After making all of your cuts on all of your pieces go ahead and sand them down to be smooth. When sanding its always good to wear a dust mask or half mask respirator and be in a well ventilated area/outside. The sanding shouldn't take you too long to be able to finish. I didn't bother with sanding this piece completely smooth because I wanted to keep it with a rugged and rustic look. After sanding it's on to putting this thing together.
Step 4: Assembly of the Frame and Back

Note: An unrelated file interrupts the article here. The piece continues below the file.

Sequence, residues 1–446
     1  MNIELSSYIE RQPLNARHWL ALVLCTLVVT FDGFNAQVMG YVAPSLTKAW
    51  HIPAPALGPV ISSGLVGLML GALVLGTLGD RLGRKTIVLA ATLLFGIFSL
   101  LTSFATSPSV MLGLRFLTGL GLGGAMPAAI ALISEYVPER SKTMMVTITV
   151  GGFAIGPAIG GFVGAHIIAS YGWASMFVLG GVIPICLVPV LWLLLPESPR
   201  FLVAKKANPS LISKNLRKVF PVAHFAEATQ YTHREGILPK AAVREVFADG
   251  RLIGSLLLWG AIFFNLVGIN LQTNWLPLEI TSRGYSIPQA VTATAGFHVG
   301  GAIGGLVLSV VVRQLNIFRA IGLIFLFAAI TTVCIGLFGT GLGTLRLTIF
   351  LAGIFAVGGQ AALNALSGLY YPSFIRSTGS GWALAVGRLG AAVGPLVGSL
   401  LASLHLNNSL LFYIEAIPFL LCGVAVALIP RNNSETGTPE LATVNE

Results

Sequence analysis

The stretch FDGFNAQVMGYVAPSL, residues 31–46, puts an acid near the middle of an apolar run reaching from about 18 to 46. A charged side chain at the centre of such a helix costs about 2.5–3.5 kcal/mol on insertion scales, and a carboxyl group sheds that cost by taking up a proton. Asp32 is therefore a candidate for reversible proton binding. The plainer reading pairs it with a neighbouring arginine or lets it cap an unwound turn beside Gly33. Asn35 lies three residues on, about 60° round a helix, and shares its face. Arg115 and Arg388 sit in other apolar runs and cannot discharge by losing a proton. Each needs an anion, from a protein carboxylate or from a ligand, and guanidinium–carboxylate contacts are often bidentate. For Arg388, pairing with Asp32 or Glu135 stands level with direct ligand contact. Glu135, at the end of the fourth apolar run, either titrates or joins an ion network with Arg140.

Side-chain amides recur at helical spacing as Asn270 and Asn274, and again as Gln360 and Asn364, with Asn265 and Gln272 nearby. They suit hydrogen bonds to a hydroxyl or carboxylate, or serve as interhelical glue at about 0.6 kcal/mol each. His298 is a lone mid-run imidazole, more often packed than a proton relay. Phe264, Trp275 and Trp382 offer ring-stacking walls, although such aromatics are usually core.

Now for piecing it all together. I started by laying out the frame to make sure that it would line up right and make a decent looking rectangle. After seeing that the frame was all square and good I went ahead and laid out the 8 pieces for the back next to each other in a line. Next I laid the frame on top of the back panels to see what it was gonna look like. After seeing that everything was going to line up and look good I went ahead and started to screw the frame down to the back panels. I started by attaching the bottom of the frame to all of the back panels and then one side and just worked my way around until the frame was fully attached to all of the back pieces. One thing to remember while screwing down the frame is to keep your speed square close so that you can keep your corners squared up so that when you're finished your frame will look nice and even and not lop sided or anything.